[across-the-nation] used as an adjective?

High on grammar

Senior Member
Farsi
Hello everyone:

Can I say "across-the-nation university entrance examination" instead of " the national university entrance examination" ?

He was ranked hundredth in the-across-the-nation university entrance examination.

Thanks
 
  • BLUEGLAZE

    Senior Member
    English - USA
    It would be 'cross-the-nation' if it were acceptable for your context.
    'Nationwide' entrance exam fits well.
     

    BLUEGLAZE

    Senior Member
    English - USA
    I have looked up 'across the board' (this is the correct form) and so 'across the nation'
    I guess would be the correct form if it fit nicely but it doesn't and 'across the board' means pertaining to all and doesn't fit either.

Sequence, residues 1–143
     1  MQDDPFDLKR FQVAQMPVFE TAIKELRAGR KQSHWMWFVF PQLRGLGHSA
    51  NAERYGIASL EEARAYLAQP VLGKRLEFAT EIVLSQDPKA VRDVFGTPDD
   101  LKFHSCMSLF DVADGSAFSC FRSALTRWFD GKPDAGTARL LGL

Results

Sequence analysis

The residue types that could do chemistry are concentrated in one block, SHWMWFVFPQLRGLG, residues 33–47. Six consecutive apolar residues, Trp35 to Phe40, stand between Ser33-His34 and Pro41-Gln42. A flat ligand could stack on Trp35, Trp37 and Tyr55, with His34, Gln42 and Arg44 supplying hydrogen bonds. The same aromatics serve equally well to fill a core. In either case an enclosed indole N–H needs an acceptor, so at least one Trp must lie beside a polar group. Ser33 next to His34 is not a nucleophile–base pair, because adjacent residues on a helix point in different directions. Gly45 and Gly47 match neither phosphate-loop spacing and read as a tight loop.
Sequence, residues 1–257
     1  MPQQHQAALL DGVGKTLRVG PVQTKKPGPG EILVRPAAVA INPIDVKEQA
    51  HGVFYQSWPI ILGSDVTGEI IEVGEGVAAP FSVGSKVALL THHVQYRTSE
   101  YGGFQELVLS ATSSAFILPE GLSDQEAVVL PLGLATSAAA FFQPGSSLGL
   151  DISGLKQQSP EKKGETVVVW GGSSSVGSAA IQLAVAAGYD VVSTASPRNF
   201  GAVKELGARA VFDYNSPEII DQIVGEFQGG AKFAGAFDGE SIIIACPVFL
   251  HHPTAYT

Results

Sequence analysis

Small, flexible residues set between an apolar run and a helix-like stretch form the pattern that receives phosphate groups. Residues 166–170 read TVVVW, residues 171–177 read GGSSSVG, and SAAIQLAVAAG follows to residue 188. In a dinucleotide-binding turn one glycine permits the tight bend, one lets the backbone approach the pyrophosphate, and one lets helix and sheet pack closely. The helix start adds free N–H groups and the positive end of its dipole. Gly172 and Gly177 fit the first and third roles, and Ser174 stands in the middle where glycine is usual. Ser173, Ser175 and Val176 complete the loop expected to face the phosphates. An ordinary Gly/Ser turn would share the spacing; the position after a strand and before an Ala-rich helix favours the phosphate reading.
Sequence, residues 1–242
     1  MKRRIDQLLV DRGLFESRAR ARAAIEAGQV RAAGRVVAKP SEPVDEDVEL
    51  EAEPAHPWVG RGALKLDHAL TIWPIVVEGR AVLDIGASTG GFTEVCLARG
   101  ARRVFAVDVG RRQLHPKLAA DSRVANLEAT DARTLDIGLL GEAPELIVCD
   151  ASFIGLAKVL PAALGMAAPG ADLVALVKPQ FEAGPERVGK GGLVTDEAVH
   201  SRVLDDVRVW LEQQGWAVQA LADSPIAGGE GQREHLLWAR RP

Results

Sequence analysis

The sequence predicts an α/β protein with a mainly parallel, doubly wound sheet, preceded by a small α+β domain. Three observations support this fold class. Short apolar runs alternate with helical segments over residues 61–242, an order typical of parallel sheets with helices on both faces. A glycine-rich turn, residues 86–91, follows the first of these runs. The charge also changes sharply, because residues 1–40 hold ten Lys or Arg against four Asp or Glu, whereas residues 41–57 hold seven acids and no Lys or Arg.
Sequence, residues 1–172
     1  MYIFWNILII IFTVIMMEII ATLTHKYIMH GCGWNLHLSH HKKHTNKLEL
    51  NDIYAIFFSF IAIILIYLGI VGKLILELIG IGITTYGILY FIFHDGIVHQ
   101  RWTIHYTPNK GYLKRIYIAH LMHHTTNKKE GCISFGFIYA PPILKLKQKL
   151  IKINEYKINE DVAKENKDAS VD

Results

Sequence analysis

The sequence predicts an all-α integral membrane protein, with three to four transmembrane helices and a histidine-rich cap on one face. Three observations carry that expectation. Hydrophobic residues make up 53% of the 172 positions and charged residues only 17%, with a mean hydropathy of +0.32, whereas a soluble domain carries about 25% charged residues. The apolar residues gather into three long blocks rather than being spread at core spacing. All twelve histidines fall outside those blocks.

ain'ttranslationfun?

    Senior Member
    US English
    Another vote for "nationwide" (also possible "countrywide") = "practiced (or here 'accepted') throughout the nation". We say "national anthem", "national symbol", etc.
     

    High on grammar

    Senior Member
    Farsi
    I have looked up 'across the board' (this is the correct form) and so 'across the nation'
    I guess would be the correct form if it fit nicely but it doesn't and 'across the board' means pertaining to all and doesn't fit either.
    Okay. Then, why should it be "cross-the-nation" and not "across-the-nation"?
     

    Glenfarclas

    Senior Member
    English (American)
    Don't use any of these compound forms as adjectives, really. At best, they sounds very strained and awkward in that position. Stick with "national" or "nationwide."
     
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